From Iran to Portland
MOST 13-year-olds in Portland worry about their friendship groups and having fun, but in Soroush Ighaniyan’s 13th year he was making a stealthy cross-border escape from his country of birth with his family.
The Portland Aluminium manufacturing engineer, his parents, twin brother and 19-year-old sister were forced to escape from Iran after life became too difficult for them there.
He grew up in a community a similar size and with a similar climate to Portland, going fishing, eating different food including corn cooked on charcoal at the beach, and learning about the talents of his multi-skilled father, a “Mr Fix-it” of everything from tractors and pumps to air conditioners.
“Lots of locals would depend on his expertise; often people didn’t have money to repay him so they would pay him in rice, or find another way to repay him,” he said.
His father was also a senior public servant with responsibilities, but being of a minority faith made life difficult for him.
Earlier in his life he recalled playing at home with his mother when an unfamiliar man walked into the house.
The pre-school-aged Soroush asked his mother who the stranger was, and was told that was his father.
The talented, kind man had been jailed because of his religion – being Baha’i in a majority Muslim nation – and he spent so long in prison that his son didn’t recognise him.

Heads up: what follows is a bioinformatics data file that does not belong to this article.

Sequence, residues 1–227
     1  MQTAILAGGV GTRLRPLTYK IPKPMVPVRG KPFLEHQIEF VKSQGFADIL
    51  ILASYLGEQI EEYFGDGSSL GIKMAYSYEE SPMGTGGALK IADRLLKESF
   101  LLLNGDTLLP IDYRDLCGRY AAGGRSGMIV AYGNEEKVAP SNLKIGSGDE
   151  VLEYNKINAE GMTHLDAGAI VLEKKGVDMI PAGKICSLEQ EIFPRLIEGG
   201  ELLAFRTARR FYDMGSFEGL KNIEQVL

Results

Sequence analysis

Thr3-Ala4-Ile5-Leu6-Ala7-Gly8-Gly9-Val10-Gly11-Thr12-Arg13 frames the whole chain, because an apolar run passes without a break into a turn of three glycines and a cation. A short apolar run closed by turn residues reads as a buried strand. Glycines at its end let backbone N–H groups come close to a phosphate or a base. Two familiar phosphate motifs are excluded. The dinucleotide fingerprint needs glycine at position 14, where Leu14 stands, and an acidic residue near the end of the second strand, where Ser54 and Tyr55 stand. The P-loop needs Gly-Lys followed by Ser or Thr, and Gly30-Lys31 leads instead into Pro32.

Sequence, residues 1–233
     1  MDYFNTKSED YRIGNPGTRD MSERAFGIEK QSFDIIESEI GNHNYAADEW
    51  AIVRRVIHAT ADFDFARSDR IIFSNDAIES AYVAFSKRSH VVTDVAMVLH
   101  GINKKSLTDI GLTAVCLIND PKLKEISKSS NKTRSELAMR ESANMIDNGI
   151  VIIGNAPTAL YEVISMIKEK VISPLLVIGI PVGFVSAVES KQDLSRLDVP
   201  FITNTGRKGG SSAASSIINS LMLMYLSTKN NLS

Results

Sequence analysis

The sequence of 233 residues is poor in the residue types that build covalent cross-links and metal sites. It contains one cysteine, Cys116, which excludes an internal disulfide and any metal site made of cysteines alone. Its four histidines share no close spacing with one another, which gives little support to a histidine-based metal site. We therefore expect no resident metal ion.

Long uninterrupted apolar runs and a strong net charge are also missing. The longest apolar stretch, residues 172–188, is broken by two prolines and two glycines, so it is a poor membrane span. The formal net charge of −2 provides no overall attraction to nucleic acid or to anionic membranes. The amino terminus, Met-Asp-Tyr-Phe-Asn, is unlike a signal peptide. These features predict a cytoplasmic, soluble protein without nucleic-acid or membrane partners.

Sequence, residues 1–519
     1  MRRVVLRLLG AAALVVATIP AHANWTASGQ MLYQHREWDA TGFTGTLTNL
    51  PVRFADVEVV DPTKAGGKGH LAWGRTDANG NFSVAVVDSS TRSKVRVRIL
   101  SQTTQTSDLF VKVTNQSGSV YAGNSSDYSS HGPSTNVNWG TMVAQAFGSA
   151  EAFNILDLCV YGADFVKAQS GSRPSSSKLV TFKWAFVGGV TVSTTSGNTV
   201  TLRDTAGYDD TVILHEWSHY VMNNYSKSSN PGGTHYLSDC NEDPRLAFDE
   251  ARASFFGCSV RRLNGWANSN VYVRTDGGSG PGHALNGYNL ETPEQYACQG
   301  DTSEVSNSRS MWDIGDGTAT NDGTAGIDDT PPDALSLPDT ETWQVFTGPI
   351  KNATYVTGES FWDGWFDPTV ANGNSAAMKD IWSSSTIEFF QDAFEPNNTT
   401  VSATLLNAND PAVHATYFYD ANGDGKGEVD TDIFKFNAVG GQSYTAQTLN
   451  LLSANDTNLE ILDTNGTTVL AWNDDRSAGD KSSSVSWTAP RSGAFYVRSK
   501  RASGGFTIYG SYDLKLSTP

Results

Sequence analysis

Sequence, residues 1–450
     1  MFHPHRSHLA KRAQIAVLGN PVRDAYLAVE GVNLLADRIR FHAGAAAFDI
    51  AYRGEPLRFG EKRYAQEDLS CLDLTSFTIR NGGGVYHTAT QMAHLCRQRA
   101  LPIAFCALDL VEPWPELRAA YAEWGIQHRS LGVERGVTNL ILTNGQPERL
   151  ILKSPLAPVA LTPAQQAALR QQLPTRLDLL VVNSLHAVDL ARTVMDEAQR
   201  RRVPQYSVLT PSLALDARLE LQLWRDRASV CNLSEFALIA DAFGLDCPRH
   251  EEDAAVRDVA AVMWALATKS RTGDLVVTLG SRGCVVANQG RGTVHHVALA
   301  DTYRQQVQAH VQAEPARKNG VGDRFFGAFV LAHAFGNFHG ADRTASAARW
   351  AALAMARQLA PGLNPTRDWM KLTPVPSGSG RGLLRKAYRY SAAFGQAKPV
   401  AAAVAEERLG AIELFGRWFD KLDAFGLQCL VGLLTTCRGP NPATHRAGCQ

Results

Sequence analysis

“The jail was not in the village; it was like Alcatraz; you wouldn’t know if he was alive or dead,” Mr Ighaniyan said.
“Mum would have to bribe people there to learn how he was going.
“But the government officials would take him out of jail to fix things, then bring him back.”
He said the government wanted his parents to renounce their faith, but they refused.
“We had others of the Baha’i faith in the town.
“My mum came from a Muslim-dominated family; they had all been Baha’is and during the revolution they gave that up,” he said, noting that converting made life easier for people there. “She sacrificed a lot.
“Our religion is about uniting religions; we believe in independent investigation of truth.
“It’s forbidden to have alcohol in this faith, and we provide service to humanity, mankind – and peace – and don’t see Baha’i people getting involved in politics.
“In Iran when you belong to the Baha’i faith you can’t go to university, are bullied in the school all the time and your inheritance entitlements can be taken away. Once you’re in that faith you don’t belong anymore.
“I remember waking up one morning and all the tyres of our car had been slashed; they treated us unfairly.
“People would go out of their way to make you feel you don’t belong.”